Nissan Pathfinder Performance
The redesigned Pathfinder, which shed its truck platform for a more refined unibody platform for 2013, is more comfortable and polished than before, say reviewers. They say that while it no longer is as capable off-road, it is now more composed and competent on paved roads. They’re pleased with the power from its V6 and say its continuously variable transmission makes the most of the engine's power.
- "The driving experience can be summed up as mature. Suspension tuning is firm enough to keep cornering attitudes level, without compromising the comfort quotient, and there's enough power to minimize drama in passing on two-lane highways." -- Road and Track
- "With well-sorted steering, braking and handling, three-row CUV shoppers would be smart to shop the Pathfinder, if only because it's simply easier to drive than the others without feeling numb or totally uninspired." -- Autoblog
- "Although the Pathfinder's days of crossing the Rubicon Trail are long gone, it should handle just about anything the average family - and winter storm - can throw at it." -- Left Lane News
Acceleration and Power
The Pathfinder is powered by a 3.5-liter V6 that produces 260 horsepower. Power is routed to the wheels through a continuously variable transmission. A front-wheel drive Pathfinder achieves an EPA-estimated 20/26 mpg city/highway, which is fairly good for the class. All-wheel drive models average just slightly less.
Reviewers are generally impressed with the Pathfinder’s performance abilities. They say the CVT makes the most of the available power and does a good job of transmitting power for acceleration and passing maneuvers. Jalopnik sums it up by saying that the Pathfinder’s new powertrain "isn't blazingly fast, but adequately does its job."
- "At full thrust, the transmission makes the best of all 260 hp, pegging the tachometer needle satisfyingly into the red zone. With a curb weight as low as 4150 pounds, the Pathfinder is quick once it's up to speed, though sudden requests for power at highway speeds are met with an unacceptably long pause before speed starts gathering." -- Automobile Magazine
- "… on the road, this SUV does not lack for power. Both the engine and transmission do their jobs without drama, leaving all seven passengers to enjoy not being squished together in the quiet, comfortable cabin." -- The Los Angeles Times
- "Displacement drops from a 4.0-liter V-6 to a 3.5. That results in a loss of six horses. But, more noticeably, there are 48 fewer lb-ft of torque. Still, acceleration is plenty strong, and the biggest change in driving feel is a bit of torque steer because this crossover defaults to its fuel-sipping FWD arrangement unless there's wheel slip." -- Popular Mechanics
- "Nissan is not pushing any efficiency technologies, still relying on variable valve timing to get 260 horsepower and 240 pound-feet of torque out of the engine. These numbers sound mediocre, but the Pathfinder's CVT makes good use of the power. During road testing, the Pathfinder picked up speed rapidly, inspiring confidence for merging or passing." -- CNET
- "Acceleration is solid, perhaps somewhere around the mid 7 seconds to 60mph (although Nissan won't say). Power delivery is buttery smooth and you don't feel like you are lacking in ponies. It's a good balance that isn't blazingly fast, but adequately does its job." -- Jalopnik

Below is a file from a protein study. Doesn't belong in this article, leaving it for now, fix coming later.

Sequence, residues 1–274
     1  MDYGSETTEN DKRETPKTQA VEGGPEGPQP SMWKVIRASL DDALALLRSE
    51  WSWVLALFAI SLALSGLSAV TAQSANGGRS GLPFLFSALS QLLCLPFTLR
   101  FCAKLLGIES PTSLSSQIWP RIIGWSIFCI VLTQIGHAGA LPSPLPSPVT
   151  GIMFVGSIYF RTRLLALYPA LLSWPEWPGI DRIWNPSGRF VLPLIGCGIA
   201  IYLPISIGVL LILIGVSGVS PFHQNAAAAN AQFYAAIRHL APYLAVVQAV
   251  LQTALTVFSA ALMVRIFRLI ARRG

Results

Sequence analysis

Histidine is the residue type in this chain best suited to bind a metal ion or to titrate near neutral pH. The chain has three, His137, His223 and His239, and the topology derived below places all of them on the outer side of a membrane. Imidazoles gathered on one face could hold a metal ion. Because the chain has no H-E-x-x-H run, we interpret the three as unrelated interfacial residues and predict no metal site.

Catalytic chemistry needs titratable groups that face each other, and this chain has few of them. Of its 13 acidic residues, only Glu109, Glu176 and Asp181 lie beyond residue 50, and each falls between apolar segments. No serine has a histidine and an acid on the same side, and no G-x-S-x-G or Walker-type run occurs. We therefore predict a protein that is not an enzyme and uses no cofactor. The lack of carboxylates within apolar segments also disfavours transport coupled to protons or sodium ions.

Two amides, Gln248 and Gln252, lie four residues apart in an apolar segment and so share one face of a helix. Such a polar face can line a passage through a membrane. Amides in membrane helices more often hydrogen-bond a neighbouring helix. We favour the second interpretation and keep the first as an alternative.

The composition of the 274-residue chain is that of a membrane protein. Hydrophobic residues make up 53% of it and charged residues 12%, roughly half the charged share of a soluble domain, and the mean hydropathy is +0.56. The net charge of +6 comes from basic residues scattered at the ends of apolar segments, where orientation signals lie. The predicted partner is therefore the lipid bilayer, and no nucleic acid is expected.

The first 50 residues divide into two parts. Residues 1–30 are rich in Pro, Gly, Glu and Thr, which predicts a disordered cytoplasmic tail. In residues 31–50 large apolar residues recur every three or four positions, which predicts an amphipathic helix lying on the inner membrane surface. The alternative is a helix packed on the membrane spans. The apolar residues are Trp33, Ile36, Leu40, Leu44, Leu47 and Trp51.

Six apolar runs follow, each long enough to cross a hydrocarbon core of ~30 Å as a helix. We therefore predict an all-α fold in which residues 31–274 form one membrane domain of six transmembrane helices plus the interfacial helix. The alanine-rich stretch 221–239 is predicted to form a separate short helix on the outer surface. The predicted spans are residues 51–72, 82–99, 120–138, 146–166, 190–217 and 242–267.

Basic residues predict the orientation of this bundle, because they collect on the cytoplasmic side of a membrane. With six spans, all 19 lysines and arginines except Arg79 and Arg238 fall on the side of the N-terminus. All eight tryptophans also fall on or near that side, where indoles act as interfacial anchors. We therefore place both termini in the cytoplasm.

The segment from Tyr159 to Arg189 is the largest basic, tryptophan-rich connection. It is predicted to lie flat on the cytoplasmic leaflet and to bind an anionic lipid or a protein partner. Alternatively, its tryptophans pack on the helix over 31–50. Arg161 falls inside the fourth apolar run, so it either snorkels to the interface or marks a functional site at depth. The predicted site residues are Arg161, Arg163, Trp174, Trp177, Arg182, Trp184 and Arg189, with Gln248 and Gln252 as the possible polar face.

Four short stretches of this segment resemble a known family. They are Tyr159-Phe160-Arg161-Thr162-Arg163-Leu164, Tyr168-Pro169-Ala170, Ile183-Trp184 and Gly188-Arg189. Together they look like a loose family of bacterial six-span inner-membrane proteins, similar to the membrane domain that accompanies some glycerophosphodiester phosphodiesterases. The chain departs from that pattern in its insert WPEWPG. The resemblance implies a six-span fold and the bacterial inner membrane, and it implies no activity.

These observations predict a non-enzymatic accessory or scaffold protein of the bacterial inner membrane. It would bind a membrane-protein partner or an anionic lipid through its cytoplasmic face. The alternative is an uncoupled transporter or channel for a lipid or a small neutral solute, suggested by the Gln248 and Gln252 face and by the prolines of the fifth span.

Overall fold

Handling and Braking
While the previous Pathfinder was based on a truck platform and offered rear- or four-wheel drive, the new model rides on a car-based platform, and instead is standard with front-wheel drive, while all-wheel drive is optional. One fairly unique feature on AWD models is a selection knob that allows the driver to select whether all the wheels are driving or just the front ones. This feature is unique to the class, and typically only found on off-road SUVs or pickup trucks with true 4x4 systems.
As a result of its platform change, reviewers say that the Pathfinder has traded off-road capability for a more comfortable pavement ride. They also note that it handles a bit better than its predecessor, with less body roll through turns. Critics say it feels more stable on the road, and does well at quelling the impact of road imperfection. One critic says that the steering feels too heavy, and one criticizes the brake pedal for feeling spongy.
- "The speed-sensitive power steering is so dead and heavy that the driver feels like a pallbearer at Luciano Pavarotti's funeral. On-road ride motions, however, are controlled and always comfortable." -- Car and Driver
- "The only diminished dimension is height, down 3.0 inches to 69.6, in part due to reduced ground clearance, a very modest 6.5 inches, about the same as many sedans, and not at all conducive to rugged off-roading." -- Road and Track
- "Although the brake pedal feels a bit spongy, the brakes themselves are strong enough, with shorter than average stopping ability." -- Edmunds
- "Nissan let us loose on a small off-road course to demonstrate the system's capability, and it coped well with modest tests like steep grades any hilly pastures. We don't expect any Pathfinder owners to take them mudding through the woods or down rocky trails, and neither does Nissan. It's a fine system, but if off-road prowess is your thing, the Ford Explorer will do you one better with its Terrain Management system." -- Autoblog
- "A longer wheelbase, wider stance and lower overall height give the SUV a more stable feel, while a retuned suspension and advanced traction and stability systems help keep body roll in check through corners. The revised Pathfinder suspension setup does an equally commendable job of soaking up road imperfections when you're in cruise mode." -- Kelley Blue Book
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